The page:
Welcome to Duanesburg, town signMarybeth Roe was born on September 11, 1942, in Duanesburg, a small town located on State Route 20 about ten miles south of Schenectady, New York. She had one younger brother and together they attended Duanesburg High School where she was nothing more than an average student. Her father, Alton Roe, worked as a press operator in nearby General Electric, the area's largest employer. Marybeth once claimed that when she was a child, her father abused her. During a police interview in 1986, she told one investigator that her father had beaten her and locked her in a closet. But later during court testimony, she denied that her father had bad intentions.
"My father hit me with a flyswatter," she told the court, "because he had arthritis and his hands were not of much use. And when he locked me in my room I guess he thought I deserved it."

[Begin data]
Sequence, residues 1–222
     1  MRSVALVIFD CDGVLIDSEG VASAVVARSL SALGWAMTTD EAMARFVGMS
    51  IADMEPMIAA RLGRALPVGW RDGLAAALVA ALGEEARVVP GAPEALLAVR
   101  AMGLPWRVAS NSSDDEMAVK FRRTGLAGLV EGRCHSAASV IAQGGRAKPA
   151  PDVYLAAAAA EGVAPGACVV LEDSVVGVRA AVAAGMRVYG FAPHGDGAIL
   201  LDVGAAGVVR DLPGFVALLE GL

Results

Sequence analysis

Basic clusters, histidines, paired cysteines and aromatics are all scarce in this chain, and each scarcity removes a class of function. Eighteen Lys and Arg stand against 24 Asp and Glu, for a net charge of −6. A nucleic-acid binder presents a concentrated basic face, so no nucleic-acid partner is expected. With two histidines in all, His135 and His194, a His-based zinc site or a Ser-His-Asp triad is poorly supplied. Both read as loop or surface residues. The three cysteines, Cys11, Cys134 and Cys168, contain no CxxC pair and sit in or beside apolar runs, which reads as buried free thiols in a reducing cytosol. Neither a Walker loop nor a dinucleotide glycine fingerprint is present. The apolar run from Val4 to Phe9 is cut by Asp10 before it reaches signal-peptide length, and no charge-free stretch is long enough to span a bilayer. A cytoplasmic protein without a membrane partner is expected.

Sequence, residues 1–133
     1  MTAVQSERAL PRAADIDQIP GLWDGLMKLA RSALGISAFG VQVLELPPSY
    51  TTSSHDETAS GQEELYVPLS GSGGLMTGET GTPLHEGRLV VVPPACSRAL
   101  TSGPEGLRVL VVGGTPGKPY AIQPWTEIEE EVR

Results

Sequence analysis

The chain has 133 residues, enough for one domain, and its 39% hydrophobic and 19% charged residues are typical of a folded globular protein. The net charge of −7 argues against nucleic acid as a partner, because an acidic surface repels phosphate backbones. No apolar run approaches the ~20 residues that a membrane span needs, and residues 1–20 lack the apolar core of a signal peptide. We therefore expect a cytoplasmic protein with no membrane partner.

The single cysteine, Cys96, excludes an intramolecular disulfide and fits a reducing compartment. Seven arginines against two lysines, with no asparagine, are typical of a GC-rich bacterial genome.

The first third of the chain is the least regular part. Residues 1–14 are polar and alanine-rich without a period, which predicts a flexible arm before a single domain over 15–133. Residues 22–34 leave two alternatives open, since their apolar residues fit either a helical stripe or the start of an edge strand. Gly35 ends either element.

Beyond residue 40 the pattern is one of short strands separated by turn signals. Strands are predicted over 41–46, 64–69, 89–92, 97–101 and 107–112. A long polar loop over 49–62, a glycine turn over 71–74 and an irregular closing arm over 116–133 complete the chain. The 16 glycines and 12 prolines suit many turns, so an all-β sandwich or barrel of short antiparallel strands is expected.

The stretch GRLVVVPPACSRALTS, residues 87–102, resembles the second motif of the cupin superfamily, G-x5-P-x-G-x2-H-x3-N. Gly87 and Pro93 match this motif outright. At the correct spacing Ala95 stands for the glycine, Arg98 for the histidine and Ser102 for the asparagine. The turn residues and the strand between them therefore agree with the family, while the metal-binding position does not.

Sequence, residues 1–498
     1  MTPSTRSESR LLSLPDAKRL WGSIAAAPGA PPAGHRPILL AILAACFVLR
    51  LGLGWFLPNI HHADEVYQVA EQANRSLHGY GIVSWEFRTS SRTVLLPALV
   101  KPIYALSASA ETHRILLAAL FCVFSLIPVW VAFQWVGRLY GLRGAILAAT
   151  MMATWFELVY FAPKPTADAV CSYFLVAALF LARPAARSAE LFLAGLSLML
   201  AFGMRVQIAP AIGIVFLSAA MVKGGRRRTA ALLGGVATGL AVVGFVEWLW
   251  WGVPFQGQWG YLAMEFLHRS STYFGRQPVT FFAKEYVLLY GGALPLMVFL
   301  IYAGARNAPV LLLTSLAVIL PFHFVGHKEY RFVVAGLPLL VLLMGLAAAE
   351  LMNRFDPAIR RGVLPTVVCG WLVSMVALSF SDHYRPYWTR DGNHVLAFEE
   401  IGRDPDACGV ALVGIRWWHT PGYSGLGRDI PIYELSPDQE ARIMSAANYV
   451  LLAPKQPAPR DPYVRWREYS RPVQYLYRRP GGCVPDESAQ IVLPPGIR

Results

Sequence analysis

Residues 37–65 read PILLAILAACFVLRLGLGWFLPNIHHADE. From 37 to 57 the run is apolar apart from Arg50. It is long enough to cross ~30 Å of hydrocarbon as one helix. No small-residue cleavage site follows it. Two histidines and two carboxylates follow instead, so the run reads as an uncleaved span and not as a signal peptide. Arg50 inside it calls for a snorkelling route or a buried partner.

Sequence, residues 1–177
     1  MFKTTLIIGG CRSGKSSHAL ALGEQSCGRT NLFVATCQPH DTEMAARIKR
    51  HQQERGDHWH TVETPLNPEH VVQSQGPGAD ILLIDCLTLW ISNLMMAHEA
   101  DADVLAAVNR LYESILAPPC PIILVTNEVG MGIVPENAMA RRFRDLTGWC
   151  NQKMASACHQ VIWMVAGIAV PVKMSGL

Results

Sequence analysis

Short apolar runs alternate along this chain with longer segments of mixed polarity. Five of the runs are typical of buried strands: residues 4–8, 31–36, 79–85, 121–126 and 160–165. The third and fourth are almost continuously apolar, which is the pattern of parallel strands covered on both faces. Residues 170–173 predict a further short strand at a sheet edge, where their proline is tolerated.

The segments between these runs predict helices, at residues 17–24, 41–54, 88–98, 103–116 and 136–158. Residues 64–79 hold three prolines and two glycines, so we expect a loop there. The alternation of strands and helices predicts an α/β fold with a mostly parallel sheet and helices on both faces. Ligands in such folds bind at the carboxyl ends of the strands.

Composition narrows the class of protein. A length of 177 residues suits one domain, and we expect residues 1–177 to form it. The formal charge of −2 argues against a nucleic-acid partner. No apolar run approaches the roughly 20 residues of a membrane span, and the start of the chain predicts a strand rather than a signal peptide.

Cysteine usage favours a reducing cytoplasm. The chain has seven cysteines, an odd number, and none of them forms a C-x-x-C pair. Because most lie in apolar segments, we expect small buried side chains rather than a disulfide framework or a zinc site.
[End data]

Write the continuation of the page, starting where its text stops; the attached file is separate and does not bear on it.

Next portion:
Though Mary Beth aspired to go to college upon graduation, it never happened. Over the next few years, she worked in a series of low paying, unskilled jobs that did not offer much of a future. Eventually, she became a nurse's aide at Ellis Hospital in Schenectady where she performed her duties in an adequate manner. In 1963, she met Joe Tinning on a blind date with some friends. He was a shy young man with a kindly disposition who had never been in trouble with the police. The couple got along reasonably well and in the spring of 1965, they married. Joe was a quiet man who worked for General Electric, not prone to outbursts of temper and seemed to take life in stride.
As an adult, Marybeth was a woman of average appearance. Photographs of her that appeared in newspapers over several years, show a person who was attractive to the camera at times. On other occasions, she did not fare as well. She was 5-feet 4-inches tall, had blue eyes, blonde hair and a trim, though not a sexy figure. Marybeth kept her hair short and maintained a neat, proper appearance.
In almost all aspects, Joe and Marybeth were like many other young married couples in that part of New York. They worked hard, tried to make a decent living and build a better life. Except for one strange and persistent problem: Their children began to die.